A Theoretical Analysis of Blockchain In 5g Technology and Electrical Grid System

Download Full-Text PDF Cite this Publication

Text Only Version

A Theoretical Analysis of Blockchain In 5g Technology and Electrical Grid System

1Ritesh Tiwari, 2Adarsh Tiwari, 3Satyamkumar Keshavkumar Mishra 4Ankit Mishra 1Department of Computer Science, Amity University Chhattisgarh 2Department of Computer Science, Amity University Chhattisgarh 3Department of Computer Science, Amity University Chhattisgarh

4Assistant Professor, Department of Electrical and Electronics, Amity University Chhattisgarh

Abstract- Until date, every communication standard evolution has been driven by the requirement to provide end-users with high-speed connection. However, 5G and beyond networks are being designed to be future proof by catering to the different needs of a variety of use cases, signalling a significant move away from this concentration. Ultra-Reliable Low Latency Communications, Massive Machine-Type Communications, and Improved Mobile Broadband are among the criteria. To achieve such features in 5G and beyond, present cellular networks must be rethought, as new radio access technologies and the utilisation of new spectrum are insufficient. Software- defined networking, network function virtualization, machine learning, and cloud computing are among the technologies being integrated into 5G networks to meet a variety of needs. However, decentralisation, transparency, interoperability, privacy, and security are all issues that these technologies raise.

Keyword- BLOCKCHAIN, 5G technology, Distributed Power, Smart Grid

I.INTRODUCTION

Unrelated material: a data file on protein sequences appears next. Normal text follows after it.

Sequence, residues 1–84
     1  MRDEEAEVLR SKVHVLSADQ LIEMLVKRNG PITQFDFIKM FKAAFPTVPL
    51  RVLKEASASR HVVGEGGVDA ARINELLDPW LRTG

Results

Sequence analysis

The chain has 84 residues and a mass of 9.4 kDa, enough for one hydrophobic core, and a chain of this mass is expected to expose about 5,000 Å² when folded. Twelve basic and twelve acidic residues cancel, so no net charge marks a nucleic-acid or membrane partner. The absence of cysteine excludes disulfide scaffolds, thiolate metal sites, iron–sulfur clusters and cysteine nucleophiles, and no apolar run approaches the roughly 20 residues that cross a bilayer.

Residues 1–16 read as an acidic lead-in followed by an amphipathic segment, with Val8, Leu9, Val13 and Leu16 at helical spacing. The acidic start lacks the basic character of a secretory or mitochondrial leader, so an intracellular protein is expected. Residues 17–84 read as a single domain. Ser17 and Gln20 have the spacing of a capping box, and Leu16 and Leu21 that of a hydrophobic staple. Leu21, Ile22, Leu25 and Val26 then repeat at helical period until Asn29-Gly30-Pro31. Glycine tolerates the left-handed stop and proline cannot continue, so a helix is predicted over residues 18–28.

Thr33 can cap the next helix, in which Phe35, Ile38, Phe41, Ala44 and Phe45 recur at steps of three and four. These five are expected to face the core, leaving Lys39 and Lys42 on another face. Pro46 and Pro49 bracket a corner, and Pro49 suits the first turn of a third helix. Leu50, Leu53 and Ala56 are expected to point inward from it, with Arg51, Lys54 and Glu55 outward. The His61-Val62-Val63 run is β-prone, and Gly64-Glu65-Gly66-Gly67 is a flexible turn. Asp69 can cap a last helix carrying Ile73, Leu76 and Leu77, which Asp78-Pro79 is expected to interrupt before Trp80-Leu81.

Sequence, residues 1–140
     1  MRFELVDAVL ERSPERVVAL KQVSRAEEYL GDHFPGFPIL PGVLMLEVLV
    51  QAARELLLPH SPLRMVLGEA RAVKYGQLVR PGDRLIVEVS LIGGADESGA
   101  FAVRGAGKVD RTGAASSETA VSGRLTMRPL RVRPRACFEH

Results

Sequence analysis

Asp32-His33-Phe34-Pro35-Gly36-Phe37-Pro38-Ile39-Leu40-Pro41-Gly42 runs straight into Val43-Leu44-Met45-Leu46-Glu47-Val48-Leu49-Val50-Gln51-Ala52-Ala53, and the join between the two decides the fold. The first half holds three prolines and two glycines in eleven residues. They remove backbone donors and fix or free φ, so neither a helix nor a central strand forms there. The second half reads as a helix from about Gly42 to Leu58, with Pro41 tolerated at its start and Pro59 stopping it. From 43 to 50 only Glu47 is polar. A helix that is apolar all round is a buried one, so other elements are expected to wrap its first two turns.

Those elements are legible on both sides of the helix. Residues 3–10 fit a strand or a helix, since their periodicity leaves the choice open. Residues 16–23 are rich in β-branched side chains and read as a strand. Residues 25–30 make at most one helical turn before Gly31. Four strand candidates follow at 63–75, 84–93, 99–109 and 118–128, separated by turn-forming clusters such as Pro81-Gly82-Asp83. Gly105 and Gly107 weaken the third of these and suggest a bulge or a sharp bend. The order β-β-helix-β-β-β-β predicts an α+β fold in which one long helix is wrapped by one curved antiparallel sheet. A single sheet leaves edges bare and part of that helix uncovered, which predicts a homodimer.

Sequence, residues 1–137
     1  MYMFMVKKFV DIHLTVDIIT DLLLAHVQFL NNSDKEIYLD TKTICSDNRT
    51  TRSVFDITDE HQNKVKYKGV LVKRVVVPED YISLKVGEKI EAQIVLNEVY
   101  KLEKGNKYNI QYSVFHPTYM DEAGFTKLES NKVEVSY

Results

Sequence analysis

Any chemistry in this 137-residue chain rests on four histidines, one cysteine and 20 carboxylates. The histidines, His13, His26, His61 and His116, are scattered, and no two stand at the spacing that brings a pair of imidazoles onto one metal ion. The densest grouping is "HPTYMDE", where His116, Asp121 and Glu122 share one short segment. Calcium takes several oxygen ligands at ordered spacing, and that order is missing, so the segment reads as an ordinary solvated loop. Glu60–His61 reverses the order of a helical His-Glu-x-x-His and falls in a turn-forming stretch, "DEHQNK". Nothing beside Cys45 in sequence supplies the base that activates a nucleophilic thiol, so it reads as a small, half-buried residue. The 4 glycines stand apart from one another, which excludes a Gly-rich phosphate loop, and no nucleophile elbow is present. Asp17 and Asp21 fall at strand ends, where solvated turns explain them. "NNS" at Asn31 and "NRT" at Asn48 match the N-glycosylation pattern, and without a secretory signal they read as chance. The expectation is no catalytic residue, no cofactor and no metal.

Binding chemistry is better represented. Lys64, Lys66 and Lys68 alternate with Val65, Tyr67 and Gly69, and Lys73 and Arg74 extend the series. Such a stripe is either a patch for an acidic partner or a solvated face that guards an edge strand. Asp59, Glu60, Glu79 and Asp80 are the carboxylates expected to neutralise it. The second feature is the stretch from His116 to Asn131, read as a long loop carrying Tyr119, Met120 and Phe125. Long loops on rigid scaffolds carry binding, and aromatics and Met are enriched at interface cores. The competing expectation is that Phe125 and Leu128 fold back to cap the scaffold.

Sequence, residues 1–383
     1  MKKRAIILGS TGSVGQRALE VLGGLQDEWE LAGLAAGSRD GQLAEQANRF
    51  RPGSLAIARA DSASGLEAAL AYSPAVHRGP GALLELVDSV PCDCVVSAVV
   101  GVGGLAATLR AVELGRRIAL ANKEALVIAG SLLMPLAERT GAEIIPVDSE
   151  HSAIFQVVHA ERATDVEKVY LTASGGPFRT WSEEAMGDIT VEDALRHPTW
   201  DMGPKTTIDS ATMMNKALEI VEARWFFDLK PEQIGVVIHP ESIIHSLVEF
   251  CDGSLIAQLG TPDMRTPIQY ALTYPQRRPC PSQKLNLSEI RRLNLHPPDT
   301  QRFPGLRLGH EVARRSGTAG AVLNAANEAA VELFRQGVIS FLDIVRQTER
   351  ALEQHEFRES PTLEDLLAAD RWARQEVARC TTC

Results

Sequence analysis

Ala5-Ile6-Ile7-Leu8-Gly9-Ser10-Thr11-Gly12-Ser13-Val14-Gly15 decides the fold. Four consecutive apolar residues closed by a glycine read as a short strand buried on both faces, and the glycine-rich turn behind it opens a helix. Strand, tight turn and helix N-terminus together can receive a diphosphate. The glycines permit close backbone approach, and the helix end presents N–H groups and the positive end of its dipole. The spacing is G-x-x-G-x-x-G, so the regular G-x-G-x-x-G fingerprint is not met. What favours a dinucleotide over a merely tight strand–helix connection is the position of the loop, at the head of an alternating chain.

5G wireless technology promises multi-gigabit per second peak data rates, ultra-low latency, better dependability, huge network capacity, higher availability, and a more consistent user experience. IoTs, big data, cloud computing, edge computing, blockchain, and AI all come together in 5G. Smart grid is a new trend in traditional power systems [1]. It combines contemporary sophisticated information and communication technology and focuses on the end-to-end linkages of power generation, transmission, distribution, and consumption [2]. Ultra-low latency (millisecond level) and high isolation (total isolation from other 5G vertices) are critical features of smart grid. Excellent isolation, high dependability, and huge access are just a few of the benefits. Edge computing puts cloud computing, storage, and networking resources closer to applications, devices, and consumers. On the 5G base station side, Smart Grid necessitates the deployment of edge computing services. Therefore, large power equipment may be connected via 5G multi-access edge computing technology (MEC). Blockchain has shown early success in a variety of industries in the recent era. Distributed energy transactions, smart microgrids, smart power distribution, and smart power consumption are all examples of blockchain use cases in energy applications. Blockchain is a decentralised trust mechanism. For distributed energy operations, blockchain provides a non-centralized trust mechanism. [6] evaluated the potential benefits of blockchain applications in smart energy systems by introducing some of the key blockchain